Interior space has always fascinated me. When I was a little girl, I used to constantly rearrange my furniture and demanded my father let me paint each wall in my room a different color. I wanted to know how changing the elements of a room could affect how I felt. On one particularly memorable day, my budding obsession as a little decorator nearly got me into big trouble. My father came home to find that I had neatly cut the carpet away from every visible surface in my bedroom!

Church MasterBedxFDKFortunately, my father has a sense of humor. Rather than punish his little decorator, he encouraged me.

Many years later in college, I studied English literature and also visual theory, which is the study of how people see things. For example, historically, from a Christian perspective, an image of a woman wearing blue meant they were virtuous. The Virgin Mary wears blue in vast numbers of paintings. Attaching a specific color to a specific meaning was a method by which stories could be explained in pictures to those who were illiterate.

Today, that connotation for the color blue is not so obvious, but it does show up occasionally as a perception that blue is “conservative” or “trustworthy.” Many corporate logos of law firms and banks incorporate the color blue for this very reason. Because we have moved culturally from centralized religions, and because we live more and more globally, people’s sets of meanings are more nuanced now than they once were.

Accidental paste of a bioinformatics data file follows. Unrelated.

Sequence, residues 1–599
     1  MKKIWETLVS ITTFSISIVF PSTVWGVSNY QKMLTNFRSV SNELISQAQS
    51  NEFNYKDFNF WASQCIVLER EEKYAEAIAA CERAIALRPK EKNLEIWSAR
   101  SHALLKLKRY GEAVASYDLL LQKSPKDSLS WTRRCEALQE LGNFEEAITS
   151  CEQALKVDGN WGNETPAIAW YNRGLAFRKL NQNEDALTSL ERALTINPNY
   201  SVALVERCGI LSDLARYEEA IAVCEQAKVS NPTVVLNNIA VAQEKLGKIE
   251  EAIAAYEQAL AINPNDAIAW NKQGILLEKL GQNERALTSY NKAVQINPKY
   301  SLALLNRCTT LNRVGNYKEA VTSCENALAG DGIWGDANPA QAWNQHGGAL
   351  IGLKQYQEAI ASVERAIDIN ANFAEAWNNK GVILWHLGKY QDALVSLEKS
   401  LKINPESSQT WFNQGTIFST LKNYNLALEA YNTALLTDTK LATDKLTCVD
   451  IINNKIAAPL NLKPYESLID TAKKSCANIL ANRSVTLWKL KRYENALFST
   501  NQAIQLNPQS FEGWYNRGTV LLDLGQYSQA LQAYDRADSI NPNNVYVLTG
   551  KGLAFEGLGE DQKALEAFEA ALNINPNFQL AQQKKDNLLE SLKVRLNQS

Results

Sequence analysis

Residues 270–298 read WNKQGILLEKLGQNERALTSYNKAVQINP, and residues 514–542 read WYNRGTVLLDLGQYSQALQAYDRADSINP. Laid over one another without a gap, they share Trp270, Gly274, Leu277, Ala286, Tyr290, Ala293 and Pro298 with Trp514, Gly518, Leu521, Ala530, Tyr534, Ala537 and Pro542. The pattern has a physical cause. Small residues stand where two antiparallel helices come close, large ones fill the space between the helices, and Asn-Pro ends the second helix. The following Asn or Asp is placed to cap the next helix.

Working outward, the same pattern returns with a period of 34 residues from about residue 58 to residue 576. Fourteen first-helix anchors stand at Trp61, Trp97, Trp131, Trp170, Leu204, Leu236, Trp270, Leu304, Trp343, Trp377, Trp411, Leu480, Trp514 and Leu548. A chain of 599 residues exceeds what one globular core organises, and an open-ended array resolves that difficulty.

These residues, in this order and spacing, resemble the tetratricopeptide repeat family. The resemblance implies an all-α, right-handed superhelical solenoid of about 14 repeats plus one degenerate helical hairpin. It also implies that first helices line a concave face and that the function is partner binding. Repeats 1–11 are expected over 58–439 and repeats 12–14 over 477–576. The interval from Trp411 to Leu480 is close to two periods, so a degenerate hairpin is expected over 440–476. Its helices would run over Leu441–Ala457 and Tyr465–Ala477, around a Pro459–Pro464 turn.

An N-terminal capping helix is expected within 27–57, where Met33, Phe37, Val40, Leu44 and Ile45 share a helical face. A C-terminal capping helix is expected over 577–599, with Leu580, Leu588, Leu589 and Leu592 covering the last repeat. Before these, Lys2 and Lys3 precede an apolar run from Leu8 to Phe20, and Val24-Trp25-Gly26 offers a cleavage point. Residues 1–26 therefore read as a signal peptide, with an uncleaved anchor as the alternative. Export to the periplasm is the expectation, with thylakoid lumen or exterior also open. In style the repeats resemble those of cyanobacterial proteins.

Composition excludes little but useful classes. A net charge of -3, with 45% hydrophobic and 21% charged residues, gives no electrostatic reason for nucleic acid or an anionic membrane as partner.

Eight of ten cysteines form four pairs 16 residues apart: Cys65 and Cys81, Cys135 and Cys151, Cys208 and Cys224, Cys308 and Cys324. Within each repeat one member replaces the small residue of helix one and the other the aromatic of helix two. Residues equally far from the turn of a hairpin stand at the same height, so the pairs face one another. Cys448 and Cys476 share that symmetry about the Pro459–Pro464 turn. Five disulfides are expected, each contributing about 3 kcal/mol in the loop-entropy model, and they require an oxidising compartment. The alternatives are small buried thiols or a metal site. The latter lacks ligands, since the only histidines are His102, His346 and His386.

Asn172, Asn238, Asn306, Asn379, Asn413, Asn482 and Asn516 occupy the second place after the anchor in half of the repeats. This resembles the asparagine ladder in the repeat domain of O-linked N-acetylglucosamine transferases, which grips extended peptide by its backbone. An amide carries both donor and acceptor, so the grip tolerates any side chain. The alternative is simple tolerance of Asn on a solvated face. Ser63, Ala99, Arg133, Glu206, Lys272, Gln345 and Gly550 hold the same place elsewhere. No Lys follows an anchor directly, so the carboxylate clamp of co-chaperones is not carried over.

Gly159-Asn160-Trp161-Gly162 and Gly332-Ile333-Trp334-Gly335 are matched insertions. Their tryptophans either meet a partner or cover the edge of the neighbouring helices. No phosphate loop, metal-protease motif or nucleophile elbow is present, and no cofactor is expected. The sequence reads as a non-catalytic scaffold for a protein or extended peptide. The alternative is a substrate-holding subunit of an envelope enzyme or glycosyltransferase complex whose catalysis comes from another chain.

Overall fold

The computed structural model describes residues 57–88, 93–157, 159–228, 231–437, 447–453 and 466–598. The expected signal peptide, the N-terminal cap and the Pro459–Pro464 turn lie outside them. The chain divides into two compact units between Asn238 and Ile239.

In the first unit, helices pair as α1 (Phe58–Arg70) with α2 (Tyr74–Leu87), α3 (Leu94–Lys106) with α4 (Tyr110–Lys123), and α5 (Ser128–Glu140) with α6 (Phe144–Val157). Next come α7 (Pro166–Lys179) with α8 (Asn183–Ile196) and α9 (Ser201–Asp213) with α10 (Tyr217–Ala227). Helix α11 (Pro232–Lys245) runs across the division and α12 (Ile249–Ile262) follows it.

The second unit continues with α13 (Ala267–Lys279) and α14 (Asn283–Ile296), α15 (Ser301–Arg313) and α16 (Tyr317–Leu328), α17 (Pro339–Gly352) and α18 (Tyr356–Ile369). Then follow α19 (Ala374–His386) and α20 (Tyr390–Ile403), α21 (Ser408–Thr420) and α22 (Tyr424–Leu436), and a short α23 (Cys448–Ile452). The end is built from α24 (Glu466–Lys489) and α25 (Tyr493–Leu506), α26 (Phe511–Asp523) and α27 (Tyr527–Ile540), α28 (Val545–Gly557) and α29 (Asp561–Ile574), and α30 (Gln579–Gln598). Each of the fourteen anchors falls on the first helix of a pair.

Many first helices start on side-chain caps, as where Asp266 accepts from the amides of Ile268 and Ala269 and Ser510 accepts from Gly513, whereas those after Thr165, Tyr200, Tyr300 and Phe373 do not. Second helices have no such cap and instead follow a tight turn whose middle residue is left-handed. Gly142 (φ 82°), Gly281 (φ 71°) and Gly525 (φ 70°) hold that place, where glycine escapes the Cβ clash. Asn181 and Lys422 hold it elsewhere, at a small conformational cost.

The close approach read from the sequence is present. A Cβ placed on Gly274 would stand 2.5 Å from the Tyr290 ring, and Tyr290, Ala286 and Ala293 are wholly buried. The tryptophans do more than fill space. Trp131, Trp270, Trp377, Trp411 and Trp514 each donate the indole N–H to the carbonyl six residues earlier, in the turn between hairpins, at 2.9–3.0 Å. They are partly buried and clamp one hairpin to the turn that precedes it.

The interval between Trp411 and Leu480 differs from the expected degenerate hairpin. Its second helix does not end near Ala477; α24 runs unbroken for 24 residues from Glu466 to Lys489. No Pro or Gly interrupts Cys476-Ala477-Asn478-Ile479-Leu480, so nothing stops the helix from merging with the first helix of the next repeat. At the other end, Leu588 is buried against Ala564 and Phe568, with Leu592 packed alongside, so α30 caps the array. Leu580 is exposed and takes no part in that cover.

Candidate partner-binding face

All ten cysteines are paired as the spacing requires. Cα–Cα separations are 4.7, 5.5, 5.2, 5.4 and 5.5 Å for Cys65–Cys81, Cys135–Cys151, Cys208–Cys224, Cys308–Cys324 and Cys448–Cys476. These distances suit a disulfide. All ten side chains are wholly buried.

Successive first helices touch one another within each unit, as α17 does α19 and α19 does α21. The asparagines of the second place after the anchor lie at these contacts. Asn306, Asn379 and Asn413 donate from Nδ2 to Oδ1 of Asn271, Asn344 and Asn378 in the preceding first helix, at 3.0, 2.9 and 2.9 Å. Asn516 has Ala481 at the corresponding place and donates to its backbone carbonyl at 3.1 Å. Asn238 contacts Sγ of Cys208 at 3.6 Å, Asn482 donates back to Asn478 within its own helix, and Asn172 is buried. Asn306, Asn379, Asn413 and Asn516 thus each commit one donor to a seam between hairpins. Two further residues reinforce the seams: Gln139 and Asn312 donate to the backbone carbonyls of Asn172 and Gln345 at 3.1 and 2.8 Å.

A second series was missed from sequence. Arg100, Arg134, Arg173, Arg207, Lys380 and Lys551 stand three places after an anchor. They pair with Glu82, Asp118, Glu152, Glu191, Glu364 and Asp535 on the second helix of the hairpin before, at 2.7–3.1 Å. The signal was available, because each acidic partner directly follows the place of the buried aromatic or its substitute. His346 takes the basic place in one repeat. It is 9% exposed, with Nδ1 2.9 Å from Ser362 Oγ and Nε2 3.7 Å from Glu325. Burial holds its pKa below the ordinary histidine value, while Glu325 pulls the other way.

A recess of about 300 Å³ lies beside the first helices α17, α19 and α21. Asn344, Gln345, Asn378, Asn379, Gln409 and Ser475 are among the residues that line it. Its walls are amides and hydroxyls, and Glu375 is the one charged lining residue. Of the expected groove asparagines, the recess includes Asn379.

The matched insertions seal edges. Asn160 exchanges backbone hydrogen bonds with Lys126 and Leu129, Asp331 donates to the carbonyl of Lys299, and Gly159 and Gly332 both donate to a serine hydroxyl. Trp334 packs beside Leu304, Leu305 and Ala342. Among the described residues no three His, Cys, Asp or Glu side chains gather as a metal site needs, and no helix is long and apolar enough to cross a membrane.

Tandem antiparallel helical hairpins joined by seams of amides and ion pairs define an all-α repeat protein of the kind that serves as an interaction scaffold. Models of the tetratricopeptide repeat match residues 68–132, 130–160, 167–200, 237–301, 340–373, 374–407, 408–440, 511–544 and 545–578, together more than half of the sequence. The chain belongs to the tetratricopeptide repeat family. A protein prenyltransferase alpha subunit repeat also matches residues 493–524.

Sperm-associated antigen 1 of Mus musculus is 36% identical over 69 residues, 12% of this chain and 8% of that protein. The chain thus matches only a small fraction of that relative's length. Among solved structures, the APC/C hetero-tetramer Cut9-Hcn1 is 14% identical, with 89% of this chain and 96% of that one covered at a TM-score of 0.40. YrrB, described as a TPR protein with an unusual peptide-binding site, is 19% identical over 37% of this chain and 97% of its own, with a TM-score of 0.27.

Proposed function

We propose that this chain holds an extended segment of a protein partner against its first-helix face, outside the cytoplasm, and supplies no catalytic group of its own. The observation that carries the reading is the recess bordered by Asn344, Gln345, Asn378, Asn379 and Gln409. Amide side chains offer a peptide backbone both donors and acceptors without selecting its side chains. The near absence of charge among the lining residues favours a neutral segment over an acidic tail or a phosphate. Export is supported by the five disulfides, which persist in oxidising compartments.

What I learned explained and influenced my belief that everyone experiences their surroundings subjectively.

Understanding how a specific person is made to feel by what they see around them is crucial to designing custom interiors. To use the same color example, blue is cold and therefore undesirable to some people but calming and therefore desirable to others. The client’s individual opinion must influence the design process.

My interior design preferences, and what I choose everyday for myself and for my clients, are naturally influenced by my personal experiences too. I am often drawn to Art Deco style furnishings because I like how they have bold contrasts and something confident about them. On the other hand, I like Art Nouveau staircases because I find them lyrical, light, and organic.

What I don’t like is hard and fast rules. And I don’t limit myself to Art Deco, Art Nouveau, or any other single design style. By mixing elements of traditional, contemporary, mid-century, ethnic, high-tech, and more, I have the freedom to create spaces that are fresh and unique.

Church HiddenClosetxFI grew up in the English countryside, which was very bucolic and traditional, but not far from London. The interiors I grew up with were comfortable and elegant — it was the world of Colefax & Fowler, a world of floral chintz. I lived in a little cottage, which had plenty of English charm, and I had friends who lived in sleek London flats and some who literally lived in castles.

It meant I experienced interiors both cozy and grand, historically accurate and irreverently eccentric. Blending these influences with those my clients bring to a project is a constant source of creative inspiration for me.

My interest in what affects a person’s experience of their environment has been with me since I created my own design experiments as a very young decorator. In order to create interiors that are comfortable and engaging for each unique client I’ve had the pleasure of working with, I’ve learned that the best designs are both livable and deeply personal.

Today as an interior designer based in San Francisco, I love esthetic freedom. I do, however, show more restraint than the little decorator who cut up her father’s carpet!


Sarah is a bright & shining light among interior designers.

Kristin O’Brien, Palo Alto, CA

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